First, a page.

Electrical contractors don't like to brag, but they are enjoying a -significant and growing influence in lighting decisions. According to a Northwest Energy Efficiency Alliance study, contractors make design changes or suggestions in roughly one-third of their projects, either by substitution or original specification, and more than one-half provide lighting design and layout services, particularly in small- and medium-sized projects. (Compare those numbers to those in the profile on page 36, and you’ll get a compelling picture of contractor influence.)

Michael Lane, commercial lighting specialist for Seattle-based Lighting Design Lab, said the drive toward energy efficiency and the more recent sustainable construction movement often may put contractors in a position where they are asked to exceed the minimum requirements of the local energy code and maximize energy savings.

“The contractor who takes the time to learn what is energy-effective—efficient and appropriate for the task—will be providing a better product for their client. Big Brother is going to mandate it. Your clients are going to demand it. It’s time you start learning about it,” Lane said.

The American Society of Heating, Refrigerating and Air-Conditioning Engineers (ASHRAE), in collaboration with government and other industry organizations, developed a series of Advanced Energy Design Guides that provides a prescriptive path for beating ASHRAE 90.1-1999, the national energy standard, by 30 percent in small office buildings, small retail buildings and K–12 school buildings.

Regarding lighting, this means reducing lighting power density from 1.3W/square foot to 0.9W/square foot. Lane said this can be done fairly easily with current technology. It’s just 0.1W/square foot less than 90.1-2004’s and California Title 24-2005’s 1W/square-foot limit.

In an office, it is assumed that the target ambient light level is 30 foot-candles and that the task light level on the desktop is 50 foot-candles. The guide recognizes distributing light on walls and ceilings as good design practice and, therefore, recommends one- or two-lamped direct/indirect fixtures mounted in continuous rows parallel to the windows, with some fixtures close to walls or installed with supplemental wall-wash fixtures.

“Pendant-mounted direct/indirect may be perceived as a high-end fixture, but it provides light on the ceiling, walls and task surface, making the space feel bright along with providing the recommended light levels,” Lane said. “This is a huge improvement in the quality of the lighting versus parabolic fluorescent, which has been used extensively in office spaces.”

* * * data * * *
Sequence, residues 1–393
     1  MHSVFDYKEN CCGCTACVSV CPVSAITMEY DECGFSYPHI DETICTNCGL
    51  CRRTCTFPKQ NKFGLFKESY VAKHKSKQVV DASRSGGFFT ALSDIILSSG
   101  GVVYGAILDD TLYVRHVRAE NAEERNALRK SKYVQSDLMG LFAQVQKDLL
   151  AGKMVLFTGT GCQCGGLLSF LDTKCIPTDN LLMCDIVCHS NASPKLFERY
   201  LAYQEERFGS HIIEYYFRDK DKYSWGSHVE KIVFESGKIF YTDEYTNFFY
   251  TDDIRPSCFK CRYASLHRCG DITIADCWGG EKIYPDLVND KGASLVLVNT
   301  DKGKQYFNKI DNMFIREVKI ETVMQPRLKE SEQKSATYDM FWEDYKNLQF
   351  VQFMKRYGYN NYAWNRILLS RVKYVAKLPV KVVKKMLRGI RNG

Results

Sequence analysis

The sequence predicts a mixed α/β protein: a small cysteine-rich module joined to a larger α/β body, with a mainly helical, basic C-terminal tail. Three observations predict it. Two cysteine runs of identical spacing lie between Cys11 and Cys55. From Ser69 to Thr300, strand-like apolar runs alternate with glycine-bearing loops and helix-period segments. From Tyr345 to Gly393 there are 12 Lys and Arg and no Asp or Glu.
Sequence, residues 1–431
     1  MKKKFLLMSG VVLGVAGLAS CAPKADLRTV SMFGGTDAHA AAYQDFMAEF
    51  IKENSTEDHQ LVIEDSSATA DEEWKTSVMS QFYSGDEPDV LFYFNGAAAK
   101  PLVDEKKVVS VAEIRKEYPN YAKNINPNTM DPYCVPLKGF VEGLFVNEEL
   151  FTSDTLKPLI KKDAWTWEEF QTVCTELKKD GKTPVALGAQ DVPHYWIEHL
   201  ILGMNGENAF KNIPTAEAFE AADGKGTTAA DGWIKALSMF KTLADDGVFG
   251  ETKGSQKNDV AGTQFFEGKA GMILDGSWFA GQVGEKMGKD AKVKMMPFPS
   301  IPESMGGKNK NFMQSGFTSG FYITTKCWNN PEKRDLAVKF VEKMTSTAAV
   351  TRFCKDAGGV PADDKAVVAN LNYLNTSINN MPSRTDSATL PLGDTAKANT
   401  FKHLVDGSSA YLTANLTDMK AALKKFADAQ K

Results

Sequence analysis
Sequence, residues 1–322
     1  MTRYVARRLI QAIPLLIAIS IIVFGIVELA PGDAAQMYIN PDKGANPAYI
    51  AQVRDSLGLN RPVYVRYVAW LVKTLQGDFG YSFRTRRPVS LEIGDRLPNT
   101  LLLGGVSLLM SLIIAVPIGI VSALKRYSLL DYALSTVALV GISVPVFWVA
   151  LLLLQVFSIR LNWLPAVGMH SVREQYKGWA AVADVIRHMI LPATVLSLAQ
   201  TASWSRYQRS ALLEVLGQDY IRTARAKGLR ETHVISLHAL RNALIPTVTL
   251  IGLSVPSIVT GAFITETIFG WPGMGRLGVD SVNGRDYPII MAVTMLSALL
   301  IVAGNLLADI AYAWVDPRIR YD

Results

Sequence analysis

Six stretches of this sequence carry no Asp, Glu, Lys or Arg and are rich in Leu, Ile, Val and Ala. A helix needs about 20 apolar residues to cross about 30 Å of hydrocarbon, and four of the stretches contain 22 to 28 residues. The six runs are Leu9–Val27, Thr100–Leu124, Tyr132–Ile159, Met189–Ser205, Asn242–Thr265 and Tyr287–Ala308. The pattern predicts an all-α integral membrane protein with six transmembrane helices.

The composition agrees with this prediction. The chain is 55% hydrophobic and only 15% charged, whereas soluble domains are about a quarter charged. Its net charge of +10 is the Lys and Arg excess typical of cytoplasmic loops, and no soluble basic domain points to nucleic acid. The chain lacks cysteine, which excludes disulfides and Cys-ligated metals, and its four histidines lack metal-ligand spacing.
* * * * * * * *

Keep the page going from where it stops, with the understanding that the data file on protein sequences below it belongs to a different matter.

To increase light levels with indirect lighting, the ceiling should have a 90 percent reflectance, if possible. It must have at least 80 percent. Most ceiling tiles have a 70–80 percent ceiling reflectance, while some manufacturers offer high-reflectance ceiling tiles. Walls and greater-than-2½-foot vertical partitions should have more than a 70 percent reflectance finish value.

The guide recommends high-performance T8 lamps, although T5 and T5HO lamps may be used as long as the fixture doesn’t have an open bottom. High-performance T8 lamps produce more light (3,100+ lumens) for the same wattage, paired with low-output (0.77 ballast factor) ballasts to save energy. T8 lamps should be operated by instant-start electronic ballasts, which provide higher energy savings, lower cost and parallel operation (if one lamp burns out, its companion will continue operating normally), although programmed-start ballasts are recommended to extend lamp life if the lamps are frequently switched by occupancy sensors.

The guide recommends, though seemingly contradictory to its intent, occupancy sensors set to medium to high sensitivity and a 15-minute time delay in open and private offices, with manual-on, automatic--off operation recommended for private offices. If occupancy sensors don’t make sense for an open-plan office space, use time-scheduling instead. Multilevel switching will generate energy savings while private offices are occupied. Similarly, undercabinet fixtures should include T8 lamps and a two-step ballast with the lower output level hardwired to allow bilevel switching control. Or, dispense with undercabinet fixtures altogether, and use articulated compact fluorescent task lights plugged into strips controlled by local occupancy sensors. Finally, use daylight dimming controls for direct/indirect fixtures placed within 12 feet of windows on the north and south perimeter zones, but note that 28W and 30W T8 lamps recommended by the guide are not compatible with dimming ballasts. Additionally, the photosensor should include a five-minute time delay to avoid cycling.

Overall, the guide provides a prescriptive lighting path to exceed 90.1-1999/2001 by 30 percent and 90.1-2004 and California’s Title 24-2005 by about 10 percent. It’s one way, but not the only way, to achieve 30 percent energy savings, Lane said, who contributed to the creation of a series of Lighting Design Lab commercial lighting guides offering additional paths to maximum energy savings as low as 0.75W/square foot.

To download any of ASHRAE’s Advanced Energy Design Guides free, visit www.ashrae.org. To download the Lighting Design Lab’s guides free, visit www.lightingdesignlab.com.

DILOUIE, a lighting industry journalist, analyst and marketing consultant, is principal of ZING Communications. He can be reached at www.zinginc.com.